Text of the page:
Anny Butler is a caretaker, a nurturer, first for her own brothers and sisters, and then as a director of an agency devoted to the welfare of children. What she has never had is a real family. That changes when she meets and marries Lewis Aiken, an exuberant surgeon 15 years older than Anny. When they marry, she finds her family: not a traditional one, but a group of Charleston childhood friends who are inseparable, who are one another's surrogate family. They are called the Scrubs, and they all, in some way, have the common cord of family.
Instantly upon meeting them at the old beach house on Sullivan's Island, which they co-own, Anny knows that she has found home and family. They vow that, when the time comes, they will find a place where they can live together by the sea.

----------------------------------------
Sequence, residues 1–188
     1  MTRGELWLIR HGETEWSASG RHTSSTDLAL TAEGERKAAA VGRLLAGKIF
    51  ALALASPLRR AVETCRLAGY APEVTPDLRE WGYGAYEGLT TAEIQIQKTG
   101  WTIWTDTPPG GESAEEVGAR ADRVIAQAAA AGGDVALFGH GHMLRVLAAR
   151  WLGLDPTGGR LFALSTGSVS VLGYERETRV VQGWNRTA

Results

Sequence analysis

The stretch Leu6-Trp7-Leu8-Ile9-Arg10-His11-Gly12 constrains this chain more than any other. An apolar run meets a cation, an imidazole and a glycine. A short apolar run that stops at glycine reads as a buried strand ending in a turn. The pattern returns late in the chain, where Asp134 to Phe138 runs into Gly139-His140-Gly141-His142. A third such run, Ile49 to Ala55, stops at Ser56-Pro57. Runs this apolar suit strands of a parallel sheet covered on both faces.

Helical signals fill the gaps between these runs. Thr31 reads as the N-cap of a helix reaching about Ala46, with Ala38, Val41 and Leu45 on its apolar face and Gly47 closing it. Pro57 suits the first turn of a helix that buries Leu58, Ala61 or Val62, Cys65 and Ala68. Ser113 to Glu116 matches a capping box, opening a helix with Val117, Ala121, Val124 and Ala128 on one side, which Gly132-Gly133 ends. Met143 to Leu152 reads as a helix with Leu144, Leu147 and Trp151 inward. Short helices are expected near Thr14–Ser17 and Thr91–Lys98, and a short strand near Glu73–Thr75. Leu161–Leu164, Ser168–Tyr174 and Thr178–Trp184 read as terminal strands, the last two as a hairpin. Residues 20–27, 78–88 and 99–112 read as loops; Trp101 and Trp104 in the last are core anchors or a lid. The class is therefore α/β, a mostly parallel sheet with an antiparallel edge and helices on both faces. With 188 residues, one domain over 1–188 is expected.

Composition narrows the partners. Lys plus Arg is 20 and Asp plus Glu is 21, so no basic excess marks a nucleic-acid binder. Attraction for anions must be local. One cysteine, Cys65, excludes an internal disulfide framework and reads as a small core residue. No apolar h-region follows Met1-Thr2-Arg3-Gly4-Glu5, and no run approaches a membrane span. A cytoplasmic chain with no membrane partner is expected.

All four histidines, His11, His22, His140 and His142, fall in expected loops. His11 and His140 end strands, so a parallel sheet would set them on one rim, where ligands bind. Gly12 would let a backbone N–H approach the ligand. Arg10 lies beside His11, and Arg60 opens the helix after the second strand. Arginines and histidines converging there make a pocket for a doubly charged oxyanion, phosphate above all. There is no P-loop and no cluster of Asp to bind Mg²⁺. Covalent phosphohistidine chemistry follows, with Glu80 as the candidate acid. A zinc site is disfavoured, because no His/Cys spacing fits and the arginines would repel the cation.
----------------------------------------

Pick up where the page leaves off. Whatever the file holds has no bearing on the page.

Bad things begin to happen, a hurricane, a fire, deaths, but still the remaining Scrubs cling together. They are watched over and bolstered by Camilla Curry, the heart and core of their group, always the healer. Anny herself allows Camilla to enfold and to care for her. It is the first time she has felt this kind of love and support.
"She cannot be surpassed in evoking a kind of life peculiar to the South, with its emphasis on grace, good manners and stoic endurance. Her fans will find Siddons's narrative charisma intact and blooming." (Publishers Weekly)
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Nothing. The story is so boringly awful. A bunch of spoiled, rich people and their lives make for a boring story. There was no dramatic tension to this story until the next to the last chapter and even classifying it as dramatic tension is a stretch.
I cannot recommend this book under any circumstances.
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